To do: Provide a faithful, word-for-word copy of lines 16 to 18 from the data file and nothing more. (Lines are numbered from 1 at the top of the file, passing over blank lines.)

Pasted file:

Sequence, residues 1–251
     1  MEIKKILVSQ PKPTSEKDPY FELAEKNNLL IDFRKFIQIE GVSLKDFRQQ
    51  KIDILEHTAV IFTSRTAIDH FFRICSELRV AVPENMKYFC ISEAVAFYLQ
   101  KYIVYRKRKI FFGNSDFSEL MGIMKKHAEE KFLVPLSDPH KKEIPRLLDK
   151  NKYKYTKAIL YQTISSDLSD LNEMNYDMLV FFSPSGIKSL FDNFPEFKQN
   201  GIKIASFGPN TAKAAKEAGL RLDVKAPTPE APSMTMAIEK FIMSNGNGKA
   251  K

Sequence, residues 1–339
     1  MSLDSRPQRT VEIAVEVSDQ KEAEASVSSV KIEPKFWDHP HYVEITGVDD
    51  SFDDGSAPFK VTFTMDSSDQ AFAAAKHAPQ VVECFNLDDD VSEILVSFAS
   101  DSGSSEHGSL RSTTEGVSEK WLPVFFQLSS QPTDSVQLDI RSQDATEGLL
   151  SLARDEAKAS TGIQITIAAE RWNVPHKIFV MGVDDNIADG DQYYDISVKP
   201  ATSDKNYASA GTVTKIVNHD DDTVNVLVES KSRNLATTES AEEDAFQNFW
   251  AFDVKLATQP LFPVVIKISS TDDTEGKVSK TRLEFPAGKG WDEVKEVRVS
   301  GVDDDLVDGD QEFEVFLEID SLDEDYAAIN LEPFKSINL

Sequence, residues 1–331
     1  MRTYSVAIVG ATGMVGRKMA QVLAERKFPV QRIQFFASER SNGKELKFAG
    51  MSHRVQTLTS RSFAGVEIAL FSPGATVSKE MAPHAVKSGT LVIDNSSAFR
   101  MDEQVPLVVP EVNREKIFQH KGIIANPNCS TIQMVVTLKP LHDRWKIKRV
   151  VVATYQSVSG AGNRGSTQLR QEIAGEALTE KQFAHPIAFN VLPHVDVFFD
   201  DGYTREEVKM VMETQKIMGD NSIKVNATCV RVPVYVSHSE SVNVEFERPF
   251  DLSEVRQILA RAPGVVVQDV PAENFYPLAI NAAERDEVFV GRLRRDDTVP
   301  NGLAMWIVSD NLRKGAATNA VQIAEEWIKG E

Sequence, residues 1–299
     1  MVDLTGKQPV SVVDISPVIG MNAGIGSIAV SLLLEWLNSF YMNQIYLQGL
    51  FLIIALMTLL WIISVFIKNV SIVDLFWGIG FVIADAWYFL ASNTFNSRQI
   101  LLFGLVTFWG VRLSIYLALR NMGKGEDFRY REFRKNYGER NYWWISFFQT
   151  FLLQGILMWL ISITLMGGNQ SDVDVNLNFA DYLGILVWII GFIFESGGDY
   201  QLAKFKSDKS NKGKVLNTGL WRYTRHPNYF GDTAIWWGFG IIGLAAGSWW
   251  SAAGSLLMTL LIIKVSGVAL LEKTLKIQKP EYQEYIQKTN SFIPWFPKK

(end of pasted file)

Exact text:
Sequence, residues 1–331
     1  MRTYSVAIVG ATGMVGRKMA QVLAERKFPV QRIQFFASER SNGKELKFAG
    51  MSHRVQTLTS RSFAGVEIAL FSPGATVSKE MAPHAVKSGT LVIDNSSAFR